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3 Questions a Dad Should Ask His Kids


If you’re like most dads, you want clear, specific, practical, action-oriented ideas that work to connect with your kid’s heart. I hear you and have something to share with you today that you’re going to love: three questions to ask your child.

But first, here’s a few thoughts to set the stage for the conversation you’ll be having with her.

3 Questions a Dad Should Ask His Kids

Since the launch of the book Men are from Mars, Women are from Venus, I’ve been using John Gray’s terminology to describe my awareness that I, as a woman, live on Venus and you, Dad, live on Mars. I’ve found that this creative terminology helps to explain something we all know:

As men and women, we often miss each other’s intent and meaning in our communication because we speak two very different languages. I’ve actually been planet hopping for over a decade, and the more traveling I do between our respective spheres, the more I’ve sought to transport observations I’ve made from my planet to yours…and vice versa.

One of the observations I’ve collected is something that I’ve noticed about many men. Essentially, it’s that you are often motivated by crisis or need. Stated otherwise: If it ain’t broke, don’t fix it. To illustrate, rather than focus on you as men, I’ll highlight an ordeal that my mom lived through.

When she was almost 80 years old, she was still working as an RN at the VA (Veterans Affairs). And being the vibrant and active woman that she was then, she typically walked an hour a day, five or six days a week. And though she began noticing a slight shortness of breath for about a year, she thought it was just part of the aging process and downplayed it.

But on one particular Monday, her symptoms intensified, and this started the fastball rolling when my dad rushed her to the ER that evening. Four days later she had emergency open heart surgery. Her surgeon said he’d performed 14,000 heart surgeries during his career and had never seen an aortic valve so calcified—86%! Yes, it’s a miracle that she survived, and thankfully she is still thriving today, six years later.

Here was the question we all asked back then: How could a woman who was very active and in seemingly fine health have such a huge blockage to her heart without any awareness?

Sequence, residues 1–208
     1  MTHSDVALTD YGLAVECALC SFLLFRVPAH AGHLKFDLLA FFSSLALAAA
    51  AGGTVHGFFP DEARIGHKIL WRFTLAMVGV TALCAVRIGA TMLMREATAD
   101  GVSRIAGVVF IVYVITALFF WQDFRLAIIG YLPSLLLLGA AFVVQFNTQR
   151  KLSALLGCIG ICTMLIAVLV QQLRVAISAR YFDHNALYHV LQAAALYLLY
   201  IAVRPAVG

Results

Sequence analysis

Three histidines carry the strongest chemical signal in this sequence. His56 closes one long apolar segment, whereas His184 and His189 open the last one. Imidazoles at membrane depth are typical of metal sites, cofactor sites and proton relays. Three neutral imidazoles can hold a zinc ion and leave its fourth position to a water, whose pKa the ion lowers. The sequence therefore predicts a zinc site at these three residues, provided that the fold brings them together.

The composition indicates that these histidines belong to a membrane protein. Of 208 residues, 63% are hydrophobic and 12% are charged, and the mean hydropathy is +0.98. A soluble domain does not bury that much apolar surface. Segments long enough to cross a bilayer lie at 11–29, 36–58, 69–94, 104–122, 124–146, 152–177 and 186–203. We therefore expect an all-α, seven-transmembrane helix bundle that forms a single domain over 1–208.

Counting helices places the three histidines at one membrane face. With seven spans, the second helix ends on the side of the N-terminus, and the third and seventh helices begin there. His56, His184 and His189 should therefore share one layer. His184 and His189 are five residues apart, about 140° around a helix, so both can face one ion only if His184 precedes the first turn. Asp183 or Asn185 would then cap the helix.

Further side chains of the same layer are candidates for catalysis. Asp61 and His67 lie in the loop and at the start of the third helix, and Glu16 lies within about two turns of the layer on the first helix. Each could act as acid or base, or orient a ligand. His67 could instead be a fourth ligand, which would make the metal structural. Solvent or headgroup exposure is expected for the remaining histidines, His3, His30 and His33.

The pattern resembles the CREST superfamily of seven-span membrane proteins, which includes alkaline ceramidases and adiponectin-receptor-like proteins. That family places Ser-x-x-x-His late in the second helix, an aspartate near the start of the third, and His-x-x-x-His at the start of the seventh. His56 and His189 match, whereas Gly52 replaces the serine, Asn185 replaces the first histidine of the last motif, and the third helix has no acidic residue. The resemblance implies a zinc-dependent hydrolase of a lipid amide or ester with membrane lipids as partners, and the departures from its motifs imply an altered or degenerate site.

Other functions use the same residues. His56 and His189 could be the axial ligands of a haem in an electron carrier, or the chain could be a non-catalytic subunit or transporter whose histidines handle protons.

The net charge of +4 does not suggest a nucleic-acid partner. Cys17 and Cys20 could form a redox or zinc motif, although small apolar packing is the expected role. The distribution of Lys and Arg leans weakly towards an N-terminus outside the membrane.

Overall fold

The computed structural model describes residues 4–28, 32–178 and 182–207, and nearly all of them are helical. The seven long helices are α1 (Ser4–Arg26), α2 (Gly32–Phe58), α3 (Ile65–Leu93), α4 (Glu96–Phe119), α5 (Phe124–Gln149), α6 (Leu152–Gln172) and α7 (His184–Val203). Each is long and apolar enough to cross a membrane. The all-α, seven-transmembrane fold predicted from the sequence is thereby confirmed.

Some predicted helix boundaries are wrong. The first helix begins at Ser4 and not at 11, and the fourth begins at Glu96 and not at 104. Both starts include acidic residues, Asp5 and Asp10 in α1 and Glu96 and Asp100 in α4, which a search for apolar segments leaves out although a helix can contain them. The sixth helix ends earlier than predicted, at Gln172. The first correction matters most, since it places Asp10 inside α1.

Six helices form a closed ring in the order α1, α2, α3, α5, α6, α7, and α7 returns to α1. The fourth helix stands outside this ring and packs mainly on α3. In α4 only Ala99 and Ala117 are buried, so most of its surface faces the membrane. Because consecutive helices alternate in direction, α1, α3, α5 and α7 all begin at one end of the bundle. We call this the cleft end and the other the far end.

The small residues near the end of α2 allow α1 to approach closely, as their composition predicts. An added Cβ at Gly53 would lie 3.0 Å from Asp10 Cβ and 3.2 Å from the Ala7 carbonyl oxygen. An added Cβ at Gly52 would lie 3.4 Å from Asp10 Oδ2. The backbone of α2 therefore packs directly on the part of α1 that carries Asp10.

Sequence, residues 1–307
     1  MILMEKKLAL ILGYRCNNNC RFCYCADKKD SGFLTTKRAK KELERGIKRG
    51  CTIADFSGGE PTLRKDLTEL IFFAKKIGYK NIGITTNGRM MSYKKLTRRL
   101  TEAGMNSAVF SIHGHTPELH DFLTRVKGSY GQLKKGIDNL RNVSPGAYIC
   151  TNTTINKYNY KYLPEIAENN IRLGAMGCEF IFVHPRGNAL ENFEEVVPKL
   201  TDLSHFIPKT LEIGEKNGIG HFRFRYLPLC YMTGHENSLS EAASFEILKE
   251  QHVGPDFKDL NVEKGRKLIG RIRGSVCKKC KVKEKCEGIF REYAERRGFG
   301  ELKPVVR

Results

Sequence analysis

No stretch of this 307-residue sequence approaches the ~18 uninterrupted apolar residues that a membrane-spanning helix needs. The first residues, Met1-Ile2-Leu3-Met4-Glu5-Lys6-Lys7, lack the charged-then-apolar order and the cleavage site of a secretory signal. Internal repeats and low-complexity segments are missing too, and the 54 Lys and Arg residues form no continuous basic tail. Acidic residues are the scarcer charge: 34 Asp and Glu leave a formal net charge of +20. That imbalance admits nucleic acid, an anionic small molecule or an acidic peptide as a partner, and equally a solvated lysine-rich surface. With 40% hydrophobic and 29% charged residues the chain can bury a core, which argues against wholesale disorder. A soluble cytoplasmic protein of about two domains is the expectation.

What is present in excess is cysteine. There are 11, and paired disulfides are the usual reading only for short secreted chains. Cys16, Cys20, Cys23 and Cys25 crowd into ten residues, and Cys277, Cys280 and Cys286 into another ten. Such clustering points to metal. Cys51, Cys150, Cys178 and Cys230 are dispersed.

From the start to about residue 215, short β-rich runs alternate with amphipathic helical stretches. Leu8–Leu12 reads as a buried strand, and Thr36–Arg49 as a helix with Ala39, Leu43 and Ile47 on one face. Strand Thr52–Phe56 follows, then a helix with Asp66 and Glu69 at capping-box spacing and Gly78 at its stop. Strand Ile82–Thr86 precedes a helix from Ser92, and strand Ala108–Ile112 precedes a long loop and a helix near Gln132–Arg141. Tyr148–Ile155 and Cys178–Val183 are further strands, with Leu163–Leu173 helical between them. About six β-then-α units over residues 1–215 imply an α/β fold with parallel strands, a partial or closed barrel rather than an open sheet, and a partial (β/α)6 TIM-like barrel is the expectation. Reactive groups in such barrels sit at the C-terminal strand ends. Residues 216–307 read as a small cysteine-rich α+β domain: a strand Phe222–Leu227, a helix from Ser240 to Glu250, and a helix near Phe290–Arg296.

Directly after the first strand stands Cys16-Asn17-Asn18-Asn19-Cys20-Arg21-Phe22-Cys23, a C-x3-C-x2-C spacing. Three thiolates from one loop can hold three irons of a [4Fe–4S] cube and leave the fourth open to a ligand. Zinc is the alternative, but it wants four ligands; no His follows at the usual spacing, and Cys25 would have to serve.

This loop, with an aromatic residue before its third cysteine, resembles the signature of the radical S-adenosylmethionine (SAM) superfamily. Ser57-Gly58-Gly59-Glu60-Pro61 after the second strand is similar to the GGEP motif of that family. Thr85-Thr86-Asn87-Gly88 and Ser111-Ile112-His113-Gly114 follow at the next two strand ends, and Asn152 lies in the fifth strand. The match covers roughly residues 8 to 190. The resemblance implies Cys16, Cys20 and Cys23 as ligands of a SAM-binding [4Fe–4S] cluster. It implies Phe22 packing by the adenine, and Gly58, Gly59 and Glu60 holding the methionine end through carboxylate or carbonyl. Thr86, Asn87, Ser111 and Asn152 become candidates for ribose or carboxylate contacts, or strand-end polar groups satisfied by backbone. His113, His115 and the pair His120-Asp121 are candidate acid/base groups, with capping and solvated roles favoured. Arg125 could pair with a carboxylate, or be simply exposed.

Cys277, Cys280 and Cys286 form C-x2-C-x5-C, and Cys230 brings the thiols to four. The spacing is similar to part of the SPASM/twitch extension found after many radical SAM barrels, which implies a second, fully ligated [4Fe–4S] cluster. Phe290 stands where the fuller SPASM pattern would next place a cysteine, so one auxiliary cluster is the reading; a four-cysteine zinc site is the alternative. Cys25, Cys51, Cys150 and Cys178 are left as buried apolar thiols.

Answer: Things had gradually been taking place in her body such that she had acclimated to the changes over time. And because there hadn’t been a crisis, there was no motivation to explore the apparent minor signs and symptoms that were signaling to her that there was a problem. A very serious problem.

Reality suddenly became clear when the crisis arose. And it was the crisis that changed everything.

We all agreed that it would have been so much better and wiser had she tuned into the warning signs before it got to the desperation-emergency-almost-lost-her point.

Here’s the reason I’m sharing this story with you today: to highlight that sometimes it’s the same way with your kids.

It may seem like things are fine. But what if more is going on under the surface?

Why not take time now to tune in by taking steps to connect with her rather than risking the potential of emergency treatment down the road? At that desperation point it’s ten times harder to get a handle on things.

Here are three questions you can ask your kids today:

  1. How am I doing as your dad overall? 
  2. On a 0 to 10 scale, what rating would you give me right now as your dad (with 10 being the best, 0 being the worst)?
  3. What can I work on to be a better dad to you?

It may be scary to ask these deeper questions, but I challenge you to do it anyway. And if your kids give you a high score and say there’s no room for improvement, perhaps you could offer one idea that you believe would “up your game” so you are more engaged as her father.

A version of this post originally appeared over at Dr. Michelle Watson Canfield’s blog